In previous companies that I have worked for there have been British, Indian, Chinese, Japanese, Argentinian and a whole host of other nationalities lumped in together, stirred around and coexisting in a cultural melting pot quite happily. 

All of these different cultures, backgrounds and value add to a mix that, I believe, makes New Zealand a more productive place to work and for the new entrant (read migrant) potentially far more welcoming than other countries.  This is reinforced by New Zealand’s strong migrant history, having imported large sections of our workforce over time to support a) a growing economy and b) a slowing birth rate. 

I don’t dismiss the fact that there could be people out there that see migrants as a threat, principally because of the values they bring to the work place and the different levels of work ethic that they carry with them. Migrants on the whole have either suffered more to get here and thus value the opportunities they secure or simply want to contribute to this place that they now call home. 

Historical statistics reinforce that (yes we have and do track these things). In a long running study conducted over several years, 93% of migrants indicated they were quite happy with their decision to migrate here (we can’t please everyone I guess) with 60% of people confirming that the friendly and open nature of the people here contributed to that satisfaction. Other leading factors included being able to achieve their desired lifestyle and the fact we are so clean and green.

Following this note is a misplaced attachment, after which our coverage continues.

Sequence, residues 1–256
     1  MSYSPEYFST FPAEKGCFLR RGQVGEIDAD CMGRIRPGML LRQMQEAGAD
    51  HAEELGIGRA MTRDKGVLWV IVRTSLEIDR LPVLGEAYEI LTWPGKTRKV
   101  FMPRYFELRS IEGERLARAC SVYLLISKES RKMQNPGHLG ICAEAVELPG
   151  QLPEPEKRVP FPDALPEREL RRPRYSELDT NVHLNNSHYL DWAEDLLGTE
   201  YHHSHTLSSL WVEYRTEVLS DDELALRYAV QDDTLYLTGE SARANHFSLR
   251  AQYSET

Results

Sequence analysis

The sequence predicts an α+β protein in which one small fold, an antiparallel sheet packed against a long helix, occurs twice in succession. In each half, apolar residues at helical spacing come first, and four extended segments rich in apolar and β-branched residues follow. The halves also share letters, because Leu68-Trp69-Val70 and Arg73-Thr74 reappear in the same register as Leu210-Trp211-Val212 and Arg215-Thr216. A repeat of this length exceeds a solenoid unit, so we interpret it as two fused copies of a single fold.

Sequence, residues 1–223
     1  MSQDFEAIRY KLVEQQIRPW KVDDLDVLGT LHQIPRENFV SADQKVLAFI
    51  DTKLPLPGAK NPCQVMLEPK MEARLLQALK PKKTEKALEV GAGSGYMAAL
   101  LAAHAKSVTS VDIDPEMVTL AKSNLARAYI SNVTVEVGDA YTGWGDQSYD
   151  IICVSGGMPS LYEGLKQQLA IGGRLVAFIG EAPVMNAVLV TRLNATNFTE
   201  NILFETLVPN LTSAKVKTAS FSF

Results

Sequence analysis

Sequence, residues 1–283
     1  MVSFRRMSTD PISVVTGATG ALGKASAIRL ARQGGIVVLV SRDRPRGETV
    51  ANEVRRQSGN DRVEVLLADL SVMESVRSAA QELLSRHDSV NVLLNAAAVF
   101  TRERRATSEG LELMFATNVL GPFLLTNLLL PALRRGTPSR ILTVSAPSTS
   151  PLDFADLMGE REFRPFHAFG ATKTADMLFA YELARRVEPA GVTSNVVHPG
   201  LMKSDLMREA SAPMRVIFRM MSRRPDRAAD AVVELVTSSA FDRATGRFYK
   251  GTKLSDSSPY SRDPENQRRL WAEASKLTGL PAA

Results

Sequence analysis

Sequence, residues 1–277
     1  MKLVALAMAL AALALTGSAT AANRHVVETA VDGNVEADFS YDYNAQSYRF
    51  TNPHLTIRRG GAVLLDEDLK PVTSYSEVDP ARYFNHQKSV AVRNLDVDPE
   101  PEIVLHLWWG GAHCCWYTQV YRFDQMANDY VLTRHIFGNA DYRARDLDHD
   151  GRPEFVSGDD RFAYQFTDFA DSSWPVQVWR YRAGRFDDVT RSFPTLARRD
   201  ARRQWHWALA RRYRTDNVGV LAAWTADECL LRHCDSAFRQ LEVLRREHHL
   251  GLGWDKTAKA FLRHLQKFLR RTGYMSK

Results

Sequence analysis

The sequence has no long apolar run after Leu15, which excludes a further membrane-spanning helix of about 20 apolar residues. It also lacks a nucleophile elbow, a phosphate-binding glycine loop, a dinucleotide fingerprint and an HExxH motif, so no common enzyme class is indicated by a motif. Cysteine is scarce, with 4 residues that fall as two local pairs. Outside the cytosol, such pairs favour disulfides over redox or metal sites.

These statistics although slightly dated now (from 2010) come from a long running migrant survey conducted by Immigration New Zealand and Statistics New Zealand to monitor the outcomes of both the migration programme and the benefits that those migrants bring.

Whilst there may be isolated incidents of work place bullying, I wouldn’t go so far as to suggest this is an “us” versus “them” thing and I would prefer to see it as a case of one or maybe two bad apples that should be squashed and turned into juice. 

You would be hard pressed in a country like this to find a work place made up of just one nationality; it’s just not possible. We import a large portion of our skills and logically that creates both a diverse and rich labour market but also a much more tolerant working environment. The same applies to schools, hospitals, the Public Service and so on and so forth. We are just one big melting pot of cultures for the most part getting along quite nicely.